The vast majority of smart contracts are being used to generate custom token supplies and digital asset systems. In most cases, these new units of value are centrally controlled, unlike the native cryptocurrencies of the underlying platform that is being used. The most popular smart contract enabled blockchain is currently Ethereum. It's native cryptocurrency is called Ether, which has a value that is independently derived from multiple sources around the world. Ether can be spent in order to generate new Custom Tokens, which can be used to represent value or assets from the real-world. However, if the central party issuing or backing those tokens were to vanish, so too would all the value and utility of the token supply. Additionally, transferring those Custom Tokens from one user to another still costs Ether to do so, which makes it challenging to find a use-case that cannot be better served by simply using Ether instead of Custom Tokens.

In fact, every time any kind of data is added to a public blockchain such as Ethereum, there is a cost to do so. Writing data is very expensive. Tens of thousands of dollars per megabyte - whereas reading that data is free of charge. More importantly, that data is available forever - so for very specific use-cases, public blockchains still make sense. Perhaps the most important aspect of smart contracts, or blockchains as a whole is their immutability. This refers to the tamper-proof nature of distributed ledger technology, which in reality is not a simple binary value. The sliding scale of a distributed ledger's immutability can be seen as a direct correlation to how decentralized the network is.

Decentralization takes many forms - best seen at the Are We Decentralized Yet website:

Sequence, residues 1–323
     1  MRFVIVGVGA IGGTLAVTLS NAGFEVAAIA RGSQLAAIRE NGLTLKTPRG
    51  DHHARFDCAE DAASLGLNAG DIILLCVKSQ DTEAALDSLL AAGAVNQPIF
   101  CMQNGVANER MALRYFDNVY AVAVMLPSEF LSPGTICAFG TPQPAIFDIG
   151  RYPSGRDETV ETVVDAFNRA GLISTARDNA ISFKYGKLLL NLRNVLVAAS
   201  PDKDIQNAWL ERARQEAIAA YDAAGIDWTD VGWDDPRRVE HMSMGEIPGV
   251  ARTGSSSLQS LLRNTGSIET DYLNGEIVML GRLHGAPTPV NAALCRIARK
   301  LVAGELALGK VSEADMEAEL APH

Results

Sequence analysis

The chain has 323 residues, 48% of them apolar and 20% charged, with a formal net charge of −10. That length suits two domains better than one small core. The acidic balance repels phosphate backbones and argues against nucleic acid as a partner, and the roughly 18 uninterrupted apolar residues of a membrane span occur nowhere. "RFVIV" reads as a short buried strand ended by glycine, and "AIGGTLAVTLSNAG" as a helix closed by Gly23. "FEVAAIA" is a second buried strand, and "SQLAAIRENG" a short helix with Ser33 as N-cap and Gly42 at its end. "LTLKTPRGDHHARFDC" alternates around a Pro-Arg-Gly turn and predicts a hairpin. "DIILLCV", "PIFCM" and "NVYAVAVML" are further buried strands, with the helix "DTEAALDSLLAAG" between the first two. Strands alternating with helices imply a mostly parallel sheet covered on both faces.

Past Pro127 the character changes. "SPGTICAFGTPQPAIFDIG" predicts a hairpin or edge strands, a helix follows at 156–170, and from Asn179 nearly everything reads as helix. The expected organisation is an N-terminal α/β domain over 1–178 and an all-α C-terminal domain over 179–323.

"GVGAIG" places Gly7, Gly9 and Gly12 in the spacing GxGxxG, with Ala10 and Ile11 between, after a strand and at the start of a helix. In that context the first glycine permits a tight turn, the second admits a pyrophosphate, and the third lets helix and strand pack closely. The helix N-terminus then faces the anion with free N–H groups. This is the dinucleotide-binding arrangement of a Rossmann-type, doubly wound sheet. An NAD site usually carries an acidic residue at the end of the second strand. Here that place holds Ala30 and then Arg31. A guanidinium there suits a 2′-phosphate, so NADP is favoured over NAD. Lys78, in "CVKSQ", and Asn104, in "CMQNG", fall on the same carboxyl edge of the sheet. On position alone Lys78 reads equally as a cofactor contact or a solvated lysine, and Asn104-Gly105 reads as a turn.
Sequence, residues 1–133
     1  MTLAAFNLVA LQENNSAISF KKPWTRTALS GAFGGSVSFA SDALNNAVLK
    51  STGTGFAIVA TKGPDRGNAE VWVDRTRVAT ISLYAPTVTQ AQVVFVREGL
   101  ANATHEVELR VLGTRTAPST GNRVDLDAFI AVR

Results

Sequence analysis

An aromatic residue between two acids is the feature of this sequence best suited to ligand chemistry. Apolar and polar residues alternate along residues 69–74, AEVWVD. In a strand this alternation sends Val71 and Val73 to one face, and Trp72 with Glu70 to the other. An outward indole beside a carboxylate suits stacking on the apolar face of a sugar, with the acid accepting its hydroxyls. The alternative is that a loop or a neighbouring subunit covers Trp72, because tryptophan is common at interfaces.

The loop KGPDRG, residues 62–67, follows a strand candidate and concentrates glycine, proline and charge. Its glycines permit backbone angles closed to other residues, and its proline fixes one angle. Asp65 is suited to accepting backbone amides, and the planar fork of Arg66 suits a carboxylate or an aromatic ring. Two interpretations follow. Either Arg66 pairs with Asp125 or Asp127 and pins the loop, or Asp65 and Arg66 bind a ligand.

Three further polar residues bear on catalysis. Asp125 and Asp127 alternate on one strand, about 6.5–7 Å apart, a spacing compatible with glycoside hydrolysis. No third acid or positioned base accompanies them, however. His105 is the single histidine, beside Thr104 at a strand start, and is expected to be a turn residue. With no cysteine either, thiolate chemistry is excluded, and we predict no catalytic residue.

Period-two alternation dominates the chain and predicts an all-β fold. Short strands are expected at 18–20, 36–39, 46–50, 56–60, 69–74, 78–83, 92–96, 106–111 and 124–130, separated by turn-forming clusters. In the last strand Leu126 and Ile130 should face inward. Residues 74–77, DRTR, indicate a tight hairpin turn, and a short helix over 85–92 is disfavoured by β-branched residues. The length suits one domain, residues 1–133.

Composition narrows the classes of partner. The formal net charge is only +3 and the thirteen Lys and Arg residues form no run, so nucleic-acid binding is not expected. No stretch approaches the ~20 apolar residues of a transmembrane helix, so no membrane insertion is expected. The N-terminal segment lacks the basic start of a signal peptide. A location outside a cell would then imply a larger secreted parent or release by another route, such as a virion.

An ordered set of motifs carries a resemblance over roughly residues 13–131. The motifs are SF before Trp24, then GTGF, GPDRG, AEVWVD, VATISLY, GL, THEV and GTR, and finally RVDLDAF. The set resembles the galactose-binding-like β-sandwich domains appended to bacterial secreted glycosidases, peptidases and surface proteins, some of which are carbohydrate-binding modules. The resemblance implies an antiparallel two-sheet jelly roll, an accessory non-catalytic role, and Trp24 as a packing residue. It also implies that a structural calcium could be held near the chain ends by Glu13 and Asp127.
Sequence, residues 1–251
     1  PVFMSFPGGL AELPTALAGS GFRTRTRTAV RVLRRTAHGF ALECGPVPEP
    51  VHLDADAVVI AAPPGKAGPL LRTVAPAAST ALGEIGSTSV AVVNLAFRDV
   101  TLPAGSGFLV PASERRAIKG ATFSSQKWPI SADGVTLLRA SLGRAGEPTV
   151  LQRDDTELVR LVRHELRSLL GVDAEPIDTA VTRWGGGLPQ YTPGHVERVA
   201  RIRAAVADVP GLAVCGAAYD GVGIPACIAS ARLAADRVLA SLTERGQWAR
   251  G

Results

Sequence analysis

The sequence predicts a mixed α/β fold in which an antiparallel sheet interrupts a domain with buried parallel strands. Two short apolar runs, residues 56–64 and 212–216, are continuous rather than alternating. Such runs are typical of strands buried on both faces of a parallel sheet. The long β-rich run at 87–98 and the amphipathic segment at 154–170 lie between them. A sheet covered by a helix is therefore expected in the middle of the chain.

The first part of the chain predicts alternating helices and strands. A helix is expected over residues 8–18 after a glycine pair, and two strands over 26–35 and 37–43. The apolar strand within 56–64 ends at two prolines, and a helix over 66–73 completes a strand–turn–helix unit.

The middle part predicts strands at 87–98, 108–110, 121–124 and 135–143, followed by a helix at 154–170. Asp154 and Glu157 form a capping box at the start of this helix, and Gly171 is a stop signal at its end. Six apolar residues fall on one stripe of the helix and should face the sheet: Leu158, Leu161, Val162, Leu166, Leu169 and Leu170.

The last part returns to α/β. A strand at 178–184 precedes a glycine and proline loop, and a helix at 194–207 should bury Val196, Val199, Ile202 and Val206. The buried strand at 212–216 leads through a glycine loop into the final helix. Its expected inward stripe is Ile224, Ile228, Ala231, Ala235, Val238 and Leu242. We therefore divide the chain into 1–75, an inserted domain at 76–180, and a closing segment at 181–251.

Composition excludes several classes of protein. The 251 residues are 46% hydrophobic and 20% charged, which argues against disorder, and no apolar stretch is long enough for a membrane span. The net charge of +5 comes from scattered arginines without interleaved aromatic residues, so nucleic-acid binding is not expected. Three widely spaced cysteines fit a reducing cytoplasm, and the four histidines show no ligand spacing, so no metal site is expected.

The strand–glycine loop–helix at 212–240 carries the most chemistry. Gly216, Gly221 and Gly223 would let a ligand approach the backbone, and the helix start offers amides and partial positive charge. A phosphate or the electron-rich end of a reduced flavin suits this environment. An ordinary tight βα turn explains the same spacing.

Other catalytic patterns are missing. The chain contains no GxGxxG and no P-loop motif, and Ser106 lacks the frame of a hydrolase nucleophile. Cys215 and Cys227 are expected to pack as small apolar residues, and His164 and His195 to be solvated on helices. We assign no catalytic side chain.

Open standards are used in order to ensure that different applications and services built by various teams are able to support each other. To facilitate interoperability within the financial service space there needs to be specifications for both fungible tokens and non-fungible assets. Fungibility refers to the unit of value. A fungible system such as time, money, or loyalty points require each unit to have the same value, whereas non-fungible supplies utilize unique values and properties for each unit - such as land titles, share certificates or collectible baseball cards.

Despite it's lack of superiority, ERC20 remains the most popular standard for fungible tokens:

contract ERC20 
    // Required functions ...
    function totalSupply() public constant returns (uint);
    function balanceOf(address tokenOwner) public constant returns (uint balance);
    function allowance(address tokenOwner, address spender) public constant returns (uint remaining);
    function transfer(address to, uint tokens) public returns (bool success);
    function approve(address spender, uint tokens) public returns (bool success);
    function transferFrom(address from, address to, uint tokens) public returns (bool success);

    // Required events ...
    event Transfer(address indexed from, address indexed to, uint tokens);
    event Approval(address indexed tokenOwner, address indexed spender, uint tokens);

The most popular standard for non-fungible assets is currently ERC721:

contract ERC721 
    // Required functions ...
    function balanceOf(address _owner) external view returns (uint256);
    function ownerOf(uint256 _tokenId) external view returns (address);
    function safeTransferFrom(address _from, address _to, uint256 _tokenId, bytes data) external payable;
    function safeTransferFrom(address _from, address _to, uint256 _tokenId) external payable;
    function transferFrom(address _from, address _to, uint256 _tokenId) external payable;
    function approve(address _approved, uint256 _tokenId) external payable;
    function setApprovalForAll(address _operator, bool _approved) external;
    function getApproved(uint256 _tokenId) external view returns (address);
    function isApprovedForAll(address _owner, address _operator) external view returns (bool);

    // Required events ...
    event Transfer(address indexed _from, address indexed _to, uint256 indexed _tokenId);
    event Approval(address indexed _owner, address indexed _approved, uint256 indexed _tokenId);
    event ApprovalForAll(address indexed _owner, address indexed _operator, bool _approved);